Democrats irked by proposed judicial district maps

Posted January 22, 2018 6:11 p.m. EST
Updated July 13, 2018 1:48 p.m. EDT

— Democratic lawmakers lobbed questions and criticisms Monday at Republican colleagues pushing changes to how judges are selected in North Carolina.

The House last fall approved an overhaul of the voting districts in which trial court judges are elected, with GOP backers saying the current districts haven't kept up with population changes. The Senate has proposed its own maps for Superior Court and District Court districts, but the chamber hasn't yet voted on them.

A joint House and Senate committee met Monday to discuss proposed changes and gather more input in an effort to reach a compromise, but Democratic members expressed frustration at the lack of background material, saying they have no clue as to how Republicans drew their proposed maps.

"You cannot draw a map without criteria. Did you consider race? Did you consider partisanship? Did you consider incumbency?" asked Rep. Darren Jackson, D-Wake. "You want participation and tell us to participate, but you're not letting us participate."

Rep. Justin Burr, R-Stanly, the sponsor of the House plan, said he merely used population as the basis for the new districts. Legislative leaders said no other statistics are available to back up the maps.

Sen. Terry Van Duyn, D-Buncombe, questioned the division of Buncombe County into three judicial districts. Trial court judges there currently run in countywide elections.

"You've changed the way we elect our county commissioners, you've tried to change the way we elect out [Asheville] City Council and now you want to change the way we elect our judges," Van Duyn said. "Stop giving us special treatment.

Sen. Joel Ford, D-Mecklenburg, had similar concerns about judges in his home county, saying the proposed maps split the county into white, suburban districts and a black, urban district.

"That's not the way we want it to work in Mecklenburg County," Ford said.

Rep. David Lewis, R-Harnett, a committee co-chairman, repeatedly said Democratic complaints were "argumentative" and out of order, as the meeting was only to address changes in previous iterations of the maps and ideas for further improvements.

There was little discussion Monday of a Senate proposal to appoint judges rather than elect them, and no timetable was set for future committee meetings to discuss that idea and to debate and vote on final judicial district maps.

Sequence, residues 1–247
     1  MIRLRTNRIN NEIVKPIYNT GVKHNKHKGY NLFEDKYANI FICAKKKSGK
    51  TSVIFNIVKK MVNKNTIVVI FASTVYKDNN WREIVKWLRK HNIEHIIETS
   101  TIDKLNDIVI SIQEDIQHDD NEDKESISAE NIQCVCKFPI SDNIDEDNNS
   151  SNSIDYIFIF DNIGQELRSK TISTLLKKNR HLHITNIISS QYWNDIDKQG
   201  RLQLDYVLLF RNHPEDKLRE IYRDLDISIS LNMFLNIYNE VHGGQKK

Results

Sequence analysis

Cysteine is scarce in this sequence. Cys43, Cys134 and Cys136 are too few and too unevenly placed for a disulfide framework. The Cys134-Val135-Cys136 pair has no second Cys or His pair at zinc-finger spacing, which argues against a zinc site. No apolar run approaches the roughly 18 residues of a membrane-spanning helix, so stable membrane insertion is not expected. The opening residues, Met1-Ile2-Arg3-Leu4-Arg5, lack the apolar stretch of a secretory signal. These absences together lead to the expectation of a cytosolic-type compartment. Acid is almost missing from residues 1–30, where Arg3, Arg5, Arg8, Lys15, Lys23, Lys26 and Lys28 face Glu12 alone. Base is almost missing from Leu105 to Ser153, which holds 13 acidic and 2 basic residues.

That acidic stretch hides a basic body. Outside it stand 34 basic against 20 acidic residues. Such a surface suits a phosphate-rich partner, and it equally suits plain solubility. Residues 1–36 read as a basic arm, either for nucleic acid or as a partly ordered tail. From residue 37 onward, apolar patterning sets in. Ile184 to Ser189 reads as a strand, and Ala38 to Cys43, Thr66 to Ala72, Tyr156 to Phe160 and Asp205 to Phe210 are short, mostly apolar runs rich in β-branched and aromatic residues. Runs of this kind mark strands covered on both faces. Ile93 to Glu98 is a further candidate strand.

Critics of the maps say have said they would give Republicans a disproportionate share of seats on the bench and would eliminate as many as half the sitting black judges.

"I hope that the members of the committee, the members of the public, the members of the judiciary who have an interest in this issue will take a look at this latest version of the map and offer us ways to continue to improve it," Lewis said.

Other maps in courts

Meanwhile, lawmakers are waiting on federal courts for a decision on legislative voting maps.

The GOP leadership plans to ask the U.S. Supreme Court to stay a ruling by a three-judge panel that House and Senate district maps drawn by an independent expert must be used in the 2018 elections. The panel ruled Friday that nine legislative districts, as drawn by lawmakers, remain racially gerrymandered.

Four of those nine are Wake County House districts. The challenged districts also include a Senate district in Cumberland County and a House district in Wayne County.

"The bottom line is this: We were ordered by the court [last year] to come into session and cure a racial gerrymander. They said race played too big a role in the drawing of our districts. So, we redrew the districts without using race. That should have solved this issue," Lewis said. "But instead, this district court has gone one step further, and said, 'Oh, we're going to think of some other stuff that we might still be concerned with.'"

The Supreme Court did step in Thursday to block a ruling by a different three-judge panel saying lawmakers must redraw their congressional districts because they were overly partisan. The nation's highest court is currently deciding several cases on partisan redistricting.